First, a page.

We know a great deal about their physical appearance; they were long-headed giants with blond hair and blue eyes; this well-known fact is attested by various classical sources [8], and by their skeletal and other remains in numerous archaeological excavations, which give a fairly detailed description of these ancient Iranians [9]; recently, a large number of their mummified corpses were discovered in western China; these mummies, which are extremely well-preserved in the arid conditions of the Taklamakan desert, are now on display at the museums of khotan, Urumchi, and Turfan in Sinkiang; they are dressed in Scythian costume, i.e., leather tunic and trousers, and are usually displayed in the sitting position, exactly as described by Herodotus; what is extra ordinary apart from their northern European features, however, is their gigantic heights, well over two metres as they are now, in spite of the natural shrinkage expected during the past thousands of years.
Equestrian skill
The Scythians, and other early steppe Iranians are believed to have been the first Indo-Europeans to use domesticated horses for riding (as opposed to eating); this theory has acquired fresh credibility after the recent discovery of horse skeletons at the Sredny Stog archaeological culture, east of the River Dniepr, a well-known pre-historical Scythian site in eastern Ukraine; these bones were identified as belonging to bitted, therefore, ridden horses dating to 4000 B.C., at least 2500 years older than the previously known examples. More recent excavations east of the Ural Mountains credit them also with the invention of the first two-wheeled chariot [10]; such mobility, naturally, turned them into a formidable fighting force; they never willingly fought on foot, and used armour both for themselves and their mounts; they also developed the famous steppe tactic of faked retreat, and the "Parthian shot", shooting backwards while on mounted retreat; this tactic, named after their well-known descendants, the Parthians, requires an amazing skill and balance in the saddle, and a dazzling co-ordination of eyes, arms and breath without the support of stirrups.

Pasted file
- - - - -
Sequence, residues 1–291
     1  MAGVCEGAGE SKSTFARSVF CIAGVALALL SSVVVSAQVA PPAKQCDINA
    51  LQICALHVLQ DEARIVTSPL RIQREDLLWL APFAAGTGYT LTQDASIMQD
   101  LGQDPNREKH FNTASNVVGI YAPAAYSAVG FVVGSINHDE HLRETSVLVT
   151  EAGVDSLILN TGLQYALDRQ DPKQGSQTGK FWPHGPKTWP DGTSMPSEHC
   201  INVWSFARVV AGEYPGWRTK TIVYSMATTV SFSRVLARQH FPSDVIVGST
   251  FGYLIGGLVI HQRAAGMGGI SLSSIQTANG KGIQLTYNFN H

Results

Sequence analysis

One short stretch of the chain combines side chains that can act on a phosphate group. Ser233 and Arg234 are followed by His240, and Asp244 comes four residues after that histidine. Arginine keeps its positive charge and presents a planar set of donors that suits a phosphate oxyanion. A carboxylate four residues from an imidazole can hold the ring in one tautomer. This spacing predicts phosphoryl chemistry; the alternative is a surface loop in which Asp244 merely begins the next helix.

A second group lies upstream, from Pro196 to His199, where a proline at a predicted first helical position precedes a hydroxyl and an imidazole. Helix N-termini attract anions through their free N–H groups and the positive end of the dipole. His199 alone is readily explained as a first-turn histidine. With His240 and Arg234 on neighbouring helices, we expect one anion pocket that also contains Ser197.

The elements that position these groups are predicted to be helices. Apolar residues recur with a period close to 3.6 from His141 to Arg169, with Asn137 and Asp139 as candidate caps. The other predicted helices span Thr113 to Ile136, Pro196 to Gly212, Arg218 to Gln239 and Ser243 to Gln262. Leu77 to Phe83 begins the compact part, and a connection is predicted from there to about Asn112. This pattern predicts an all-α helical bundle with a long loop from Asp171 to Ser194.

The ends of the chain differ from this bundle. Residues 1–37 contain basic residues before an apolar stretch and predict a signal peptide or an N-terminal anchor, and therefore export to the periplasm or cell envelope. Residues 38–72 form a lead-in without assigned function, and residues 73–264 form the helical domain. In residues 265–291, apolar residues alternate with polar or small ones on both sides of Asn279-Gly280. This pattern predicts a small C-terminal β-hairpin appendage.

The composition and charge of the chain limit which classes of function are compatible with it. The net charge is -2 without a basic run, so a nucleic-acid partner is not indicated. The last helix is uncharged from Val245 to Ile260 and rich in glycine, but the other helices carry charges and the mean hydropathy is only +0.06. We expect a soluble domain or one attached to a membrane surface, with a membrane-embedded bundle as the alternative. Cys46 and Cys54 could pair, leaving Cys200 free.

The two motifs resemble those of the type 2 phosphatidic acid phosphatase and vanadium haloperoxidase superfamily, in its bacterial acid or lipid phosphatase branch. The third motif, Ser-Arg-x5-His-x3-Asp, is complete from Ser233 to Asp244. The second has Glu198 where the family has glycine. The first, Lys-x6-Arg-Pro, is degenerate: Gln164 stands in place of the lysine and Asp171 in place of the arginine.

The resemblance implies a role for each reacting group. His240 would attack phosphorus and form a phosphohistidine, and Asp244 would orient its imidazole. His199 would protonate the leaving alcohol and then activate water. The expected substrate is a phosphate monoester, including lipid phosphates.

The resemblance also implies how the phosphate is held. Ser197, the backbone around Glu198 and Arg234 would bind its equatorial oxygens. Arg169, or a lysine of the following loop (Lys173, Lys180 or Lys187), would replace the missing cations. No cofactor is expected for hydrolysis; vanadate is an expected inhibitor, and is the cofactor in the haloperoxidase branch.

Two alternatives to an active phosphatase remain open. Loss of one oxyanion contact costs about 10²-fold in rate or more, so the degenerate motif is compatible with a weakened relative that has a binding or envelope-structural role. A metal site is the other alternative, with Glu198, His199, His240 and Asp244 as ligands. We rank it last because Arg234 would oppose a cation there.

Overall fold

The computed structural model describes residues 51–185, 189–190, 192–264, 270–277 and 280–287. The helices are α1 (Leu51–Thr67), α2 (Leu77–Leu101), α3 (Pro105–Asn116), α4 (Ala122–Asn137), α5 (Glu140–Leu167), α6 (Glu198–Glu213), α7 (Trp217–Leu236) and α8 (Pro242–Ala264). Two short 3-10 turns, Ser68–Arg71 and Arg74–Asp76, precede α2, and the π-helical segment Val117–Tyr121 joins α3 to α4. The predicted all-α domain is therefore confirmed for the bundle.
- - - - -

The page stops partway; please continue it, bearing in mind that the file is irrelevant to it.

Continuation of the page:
As it has been emphasised throughout this paper these two names probably refer to the same people, who, in all likelihood, called themselves by a name similar to the word Alan. Herodotus, who has devoted most of his Book IV to Scythians, is the earliest source on Sarmatians, whom he refers to as a branch of the Scythians; by the 3rd century B.C., the Sarmatians (Greek SARMATAI) had replaced Scythians in Europe, and settled in western Ukraine, the Danube Valley and Thrace. The earliest known reference to the Alans (Greek ALANOI, Latin ALANI), however, is not until the mid 1st century A.D [12]; it appears that by then the Alans, in turn, had taken the place of the Sarmatians in Eastern Europe; both these Iranian peoples are frequently mentioned in Greek, Roman, and Byzantine sources as late as the middle of the fifth century A.D. Alans, with an identical etymological origin with the word Iran, are extensively covered, especially by Ammianus Marcellinus who states inter alia, that "Almost all of the Alans are tall and good looking, their hair is generally blond" (AM, XXX,2,21); they once ruled a vast territory stretching from the Caucasus to the Danube, but were gradually driven westwards by the invading Huns; however, unlike their predecessors the Cimmerians, Scythians and the Sarmatians, the Alans did not vanish from the history; indeed they settled in the Byzantine Empire and Western Europe, playing a vital role in the subsequent European affairs; nonetheless...

The origin of the pre-imperial Iranian peoples
Iran and Caucasia